New Intel Xeon processor E7 v4 family delivers 24-core horsepower for real-time analytics

Intel logoIntel is releasing the Xeon processor E7-8890 v4 processor family (Broadwell-EX) for real-time analytics so that businesses can gain actionable insights from massive and complex data sets.

The Xeon E7 v4 family is produced using Intel's 14nm mnaufacturing process.

The new family offers headroom for growth with traditional four- and eight-socket support, is designed for configurations up to 256 sockets via third-party node controllers, and is used in OEM system designs that currently feature up to 64 sockets. It also offers high memory capacity of up to 24TB in an eight-socket system, allowing massive datasets to be stored completely in memory, rather than on hard drives, to accelerate time to insight and decision-making.

New Intel Xeon processor E7 v4 family delivers 24-core horsepower for real-time analytics

The new chips are based on the Broadwell architecture and are socket compatible with the Xeon E7 v3 chips, meaning they can be plugged into existing servers using those sockets.

Seven new chips with between four to 24 cores are being introduced in the Xeon E7-8800 v4 family.

The Xeon processor E7-8890 v4 chip is part of the Xeon E7-8800 v4. The 24-core chip will go, in many cases, into monster performer four- to eight-socket servers. An eight-socket system could have up to 192 cores, with support for up to 24TB of memory.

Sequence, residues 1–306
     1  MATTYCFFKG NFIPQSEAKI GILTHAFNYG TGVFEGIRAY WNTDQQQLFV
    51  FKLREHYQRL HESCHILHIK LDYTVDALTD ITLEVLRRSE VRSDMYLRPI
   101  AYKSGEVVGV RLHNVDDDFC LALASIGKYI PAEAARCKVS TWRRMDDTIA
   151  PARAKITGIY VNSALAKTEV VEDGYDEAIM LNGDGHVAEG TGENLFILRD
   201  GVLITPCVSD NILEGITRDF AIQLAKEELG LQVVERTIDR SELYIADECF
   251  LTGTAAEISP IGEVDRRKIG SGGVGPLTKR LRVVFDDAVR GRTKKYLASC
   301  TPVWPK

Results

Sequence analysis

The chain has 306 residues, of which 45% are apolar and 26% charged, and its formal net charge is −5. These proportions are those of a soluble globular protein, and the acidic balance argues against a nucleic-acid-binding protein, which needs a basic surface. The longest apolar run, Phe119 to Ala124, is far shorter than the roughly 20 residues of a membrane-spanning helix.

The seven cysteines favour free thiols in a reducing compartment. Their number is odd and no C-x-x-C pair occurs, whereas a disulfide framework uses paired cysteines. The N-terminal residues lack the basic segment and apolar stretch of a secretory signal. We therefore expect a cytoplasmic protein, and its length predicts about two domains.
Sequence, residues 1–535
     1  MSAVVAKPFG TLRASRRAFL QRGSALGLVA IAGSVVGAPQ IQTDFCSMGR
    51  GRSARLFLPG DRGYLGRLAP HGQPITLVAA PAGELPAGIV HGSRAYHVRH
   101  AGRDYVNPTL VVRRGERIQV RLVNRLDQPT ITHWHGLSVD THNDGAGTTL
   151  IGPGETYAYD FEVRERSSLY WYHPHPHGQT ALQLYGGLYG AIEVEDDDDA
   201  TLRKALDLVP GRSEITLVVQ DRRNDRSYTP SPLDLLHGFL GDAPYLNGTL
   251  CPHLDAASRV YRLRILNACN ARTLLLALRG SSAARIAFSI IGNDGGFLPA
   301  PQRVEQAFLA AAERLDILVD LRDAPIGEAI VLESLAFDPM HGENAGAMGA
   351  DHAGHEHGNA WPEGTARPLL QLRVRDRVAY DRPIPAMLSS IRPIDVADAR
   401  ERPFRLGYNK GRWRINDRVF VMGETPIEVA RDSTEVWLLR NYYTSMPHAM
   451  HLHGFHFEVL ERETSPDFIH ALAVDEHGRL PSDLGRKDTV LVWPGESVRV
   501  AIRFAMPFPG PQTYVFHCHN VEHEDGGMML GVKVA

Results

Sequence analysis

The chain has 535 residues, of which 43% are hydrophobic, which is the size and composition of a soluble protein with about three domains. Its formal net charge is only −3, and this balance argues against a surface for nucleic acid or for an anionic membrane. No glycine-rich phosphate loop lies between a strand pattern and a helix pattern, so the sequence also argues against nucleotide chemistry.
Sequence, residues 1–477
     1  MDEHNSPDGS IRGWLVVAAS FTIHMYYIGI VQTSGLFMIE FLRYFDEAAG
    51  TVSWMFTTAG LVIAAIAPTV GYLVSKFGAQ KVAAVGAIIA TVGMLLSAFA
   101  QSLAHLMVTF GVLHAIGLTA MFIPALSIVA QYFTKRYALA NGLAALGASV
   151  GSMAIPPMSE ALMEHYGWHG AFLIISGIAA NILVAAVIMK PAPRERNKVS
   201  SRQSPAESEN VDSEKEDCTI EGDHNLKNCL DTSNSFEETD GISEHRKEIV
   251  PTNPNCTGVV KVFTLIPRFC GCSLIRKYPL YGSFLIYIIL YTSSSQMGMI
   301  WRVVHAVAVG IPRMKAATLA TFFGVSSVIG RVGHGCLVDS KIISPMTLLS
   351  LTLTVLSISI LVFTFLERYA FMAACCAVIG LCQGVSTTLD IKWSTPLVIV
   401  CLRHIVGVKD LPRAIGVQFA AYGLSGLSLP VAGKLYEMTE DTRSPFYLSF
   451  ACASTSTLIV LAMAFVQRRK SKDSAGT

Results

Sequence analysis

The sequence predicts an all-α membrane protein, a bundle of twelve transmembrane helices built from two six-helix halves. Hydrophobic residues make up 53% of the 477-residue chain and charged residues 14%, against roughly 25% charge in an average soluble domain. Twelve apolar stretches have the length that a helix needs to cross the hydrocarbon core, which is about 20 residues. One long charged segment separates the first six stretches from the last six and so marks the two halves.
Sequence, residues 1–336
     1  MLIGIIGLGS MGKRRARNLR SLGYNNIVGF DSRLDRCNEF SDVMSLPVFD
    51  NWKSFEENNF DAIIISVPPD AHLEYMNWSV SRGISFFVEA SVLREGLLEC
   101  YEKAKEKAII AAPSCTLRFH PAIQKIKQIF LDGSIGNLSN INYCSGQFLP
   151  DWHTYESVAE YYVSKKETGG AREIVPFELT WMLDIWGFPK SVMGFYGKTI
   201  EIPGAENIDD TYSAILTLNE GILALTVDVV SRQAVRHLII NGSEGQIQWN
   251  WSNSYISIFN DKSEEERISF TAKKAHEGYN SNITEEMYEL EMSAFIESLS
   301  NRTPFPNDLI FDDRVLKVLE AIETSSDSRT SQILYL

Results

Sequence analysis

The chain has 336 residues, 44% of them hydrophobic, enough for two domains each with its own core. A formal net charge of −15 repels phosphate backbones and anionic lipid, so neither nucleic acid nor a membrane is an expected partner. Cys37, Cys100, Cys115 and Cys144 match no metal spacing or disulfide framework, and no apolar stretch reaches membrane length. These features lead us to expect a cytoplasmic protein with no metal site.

The 24-core Xeon E7-8890 v4 has a frequency of 2.2GHz, 60MB of cache, and draws 165 watts of power. The other chips in the E7 8800 line have clock speeds from 2.1GHz to 3.2GHz, cache between 45MB to 60MB, and draw between 140 watts and 165 watts of power.

Intel estimated a 192-core system with 2TB of memory and two hard drives to be priced at about US$165,000. Add 24TB of memory, and the server price could skyrocket.

About 18 server makers are coming out with 51 systems running the new processors, according to Intel.

Intel also announced Xeon E7-4800 v4 series chips, which have between eight and 16 cores, draw 115 watts of power, and have 20MB to 40MB of cache. The chips have slower internal bandwidth but are designed for lower priced high-performance computers.

Source: CDRinfo

Tags: CPUs, Intel, servers, Xeon

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